Suppliers of automotive electronics are adopting state-of-the-art semiconductor technology to increase computational speed and capability and improve the driving experience. This approach requires thermal solutions that leverage conduction through the housing due to the power dissipated by these devices. These printed circuit boards (PCBs) typically connect to the housing through a thermally enhanced adhesive. While this arrangement can be effective, the stresses, which are transmitted into the solder joints that attach to the PCB, can cause early failures during power cycling or thermal shock. This is especially true for devices that utilize ball grid array (BGA) packaging.
Continental Automotive’s goal was to evaluate three different adhesives and identify the material that provided sufficient thermal conduction and allowed the BGA to survive automotive OEM validation requirements. To optimize the design process, Continental Automotive wanted to complete this evaluation before a physical prototype was built and needed a tool that could accurately predict solder joint fatigue under this complex scenario. Continental Automotive chose Ansys Sherlock for its ability to quantify the changes in reliability of a component due to various system-level effects, including the thermomechanical influence of these adhesives.
Continental Automotive engineers built an extensive and detailed model in Sherlock. This process started with importing an ODB++ archive, an industry-standard output file from ECAD software. From the archive, Sherlock, in less than a minute, extracted key information necessary to complete a comprehensive simulation of a printed circuit board assembly (PCBA). Sherlock classified this data into intuitive categories that provided a straightforward review for the user. For Continental Automotive’s analyses, accurate component and stack-up properties were vital. Continental Automotive took advantage of Ansys’ free librarian service to populate their component library with the mechanical properties required for a thermomechanical analysis. Almost no work was required from Continental Automotive when building their parts’ list. For the stack-up material properties, a review involved a quick visual check to confirm that Sherlock correctly parsed this information from the ODB++ file.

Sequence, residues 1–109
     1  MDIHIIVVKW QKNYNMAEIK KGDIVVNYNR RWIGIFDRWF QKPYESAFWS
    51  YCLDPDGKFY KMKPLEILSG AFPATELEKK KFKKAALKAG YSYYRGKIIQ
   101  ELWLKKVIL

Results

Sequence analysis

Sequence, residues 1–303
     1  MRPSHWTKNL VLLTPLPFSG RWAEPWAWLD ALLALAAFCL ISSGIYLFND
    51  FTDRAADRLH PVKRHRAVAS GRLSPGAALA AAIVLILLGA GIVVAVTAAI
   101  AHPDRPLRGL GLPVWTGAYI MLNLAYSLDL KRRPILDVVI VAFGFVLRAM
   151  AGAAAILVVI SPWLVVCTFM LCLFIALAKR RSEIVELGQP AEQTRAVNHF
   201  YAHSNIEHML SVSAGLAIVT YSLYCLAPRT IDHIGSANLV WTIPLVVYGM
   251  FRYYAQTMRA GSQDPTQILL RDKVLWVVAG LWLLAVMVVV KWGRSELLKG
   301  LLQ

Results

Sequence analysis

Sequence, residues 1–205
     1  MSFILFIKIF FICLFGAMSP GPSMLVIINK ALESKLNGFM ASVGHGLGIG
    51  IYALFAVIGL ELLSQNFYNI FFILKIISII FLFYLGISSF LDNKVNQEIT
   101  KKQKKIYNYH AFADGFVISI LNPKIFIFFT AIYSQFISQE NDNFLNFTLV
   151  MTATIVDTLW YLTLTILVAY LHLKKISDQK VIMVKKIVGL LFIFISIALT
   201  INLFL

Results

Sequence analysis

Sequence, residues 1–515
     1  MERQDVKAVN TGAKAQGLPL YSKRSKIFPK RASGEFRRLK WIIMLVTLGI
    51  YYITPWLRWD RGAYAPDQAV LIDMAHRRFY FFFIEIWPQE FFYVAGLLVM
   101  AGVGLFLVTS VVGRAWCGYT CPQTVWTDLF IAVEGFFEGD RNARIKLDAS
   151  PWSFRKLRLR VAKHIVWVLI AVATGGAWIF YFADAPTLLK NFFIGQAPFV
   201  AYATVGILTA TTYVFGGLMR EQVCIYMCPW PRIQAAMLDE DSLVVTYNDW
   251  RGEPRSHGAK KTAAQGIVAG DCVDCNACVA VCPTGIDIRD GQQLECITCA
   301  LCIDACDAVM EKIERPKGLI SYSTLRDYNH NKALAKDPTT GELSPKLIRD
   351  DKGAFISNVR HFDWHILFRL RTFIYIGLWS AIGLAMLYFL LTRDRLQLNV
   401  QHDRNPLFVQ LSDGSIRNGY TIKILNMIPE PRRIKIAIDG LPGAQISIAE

With any thermomechanical study, boundary conditions are mandatory. Sherlock automatically defined these constraints and presented them in a 2D or 3D viewer for verification. For all simulation runs, the adhesive materials were assumed to be fully constraining the PCB. The adhesive material characteristics, including temperature-dependent modulus and coefficient of thermal expansion, were imported into Sherlock. Typically, users can find their materials in Sherlock’s considerable libraries. If there are uncommon materials that need defining, Sherlock’s support team is there to assist.
After successfully developing the virtual PCBA, Continental Automotive defined reliability metric goals for the product and thermal loading specifications in the form of thermal profiles which included the test and field environmental conditions experienced by the PCB. Sherlock completed a thermomechanical analysis by establishing a Finite Element Analysis (FEA) model and applying thermal loading to the PCBA according to test and field definitions. Accurate, exhaustive results were acquired in a matter of hours
Using Sherlock, Continental Automotive accomplished its goal of evaluating and identifying a superior adhesive material before building the prototype. Key findings included:
Why Ansys Sherlock was an Ideal Solution for Continental Automotive Continental Automotive implemented Ansys Sherlock during the design of experiments (DOE) phase to successfully determine the required parameters for efficient and effective testing. This significantly shortened overall testing time, and not only accurately measured the reliability of the material under various thermal conditions but also predicted the life span of the product. Sherlock proved to be an ideal solution for quantifying, understanding and predicting the life curve for components under test conditions, in field environments, experiencing various system-level effects in a significantly shorter time than using any other method.
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